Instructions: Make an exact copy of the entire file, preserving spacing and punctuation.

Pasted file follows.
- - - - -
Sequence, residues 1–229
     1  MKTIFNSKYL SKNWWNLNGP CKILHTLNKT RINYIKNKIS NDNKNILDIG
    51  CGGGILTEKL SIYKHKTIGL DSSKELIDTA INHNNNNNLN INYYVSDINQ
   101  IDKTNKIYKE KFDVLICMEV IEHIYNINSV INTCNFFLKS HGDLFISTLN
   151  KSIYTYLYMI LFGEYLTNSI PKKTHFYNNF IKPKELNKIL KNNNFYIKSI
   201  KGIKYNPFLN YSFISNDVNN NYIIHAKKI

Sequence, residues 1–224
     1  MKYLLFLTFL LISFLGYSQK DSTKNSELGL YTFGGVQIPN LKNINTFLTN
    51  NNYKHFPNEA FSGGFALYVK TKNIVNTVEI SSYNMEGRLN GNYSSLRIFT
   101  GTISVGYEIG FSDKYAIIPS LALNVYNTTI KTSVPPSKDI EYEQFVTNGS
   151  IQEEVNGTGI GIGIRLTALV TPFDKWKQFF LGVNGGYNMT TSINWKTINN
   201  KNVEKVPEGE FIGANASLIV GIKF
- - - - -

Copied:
Sequence, residues 1–229
     1  MKTIFNSKYL SKNWWNLNGP CKILHTLNKT RINYIKNKIS NDNKNILDIG
    51  CGGGILTEKL SIYKHKTIGL DSSKELIDTA INHNNNNNLN INYYVSDINQ
   101  IDKTNKIYKE KFDVLICMEV IEHIYNINSV INTCNFFLKS HGDLFISTLN
   151  KSIYTYLYMI LFGEYLTNSI PKKTHFYNNF IKPKELNKIL KNNNFYIKSI
   201  KGIKYNPFLN YSFISNDVNN NYIIHAKKI

Sequence, residues 1–224
     1  MKYLLFLTFL LISFLGYSQK DSTKNSELGL YTFGGVQIPN LKNINTFLTN
    51  NNYKHFPNEA FSGGFALYVK TKNIVNTVEI SSYNMEGRLN GNYSSLRIFT
   101  GTISVGYEIG FSDKYAIIPS LALNVYNTTI KTSVPPSKDI EYEQFVTNGS
   151  IQEEVNGTGI GIGIRLTALV TPFDKWKQFF LGVNGGYNMT TSINWKTINN
   201  KNVEKVPEGE FIGANASLIV GIKF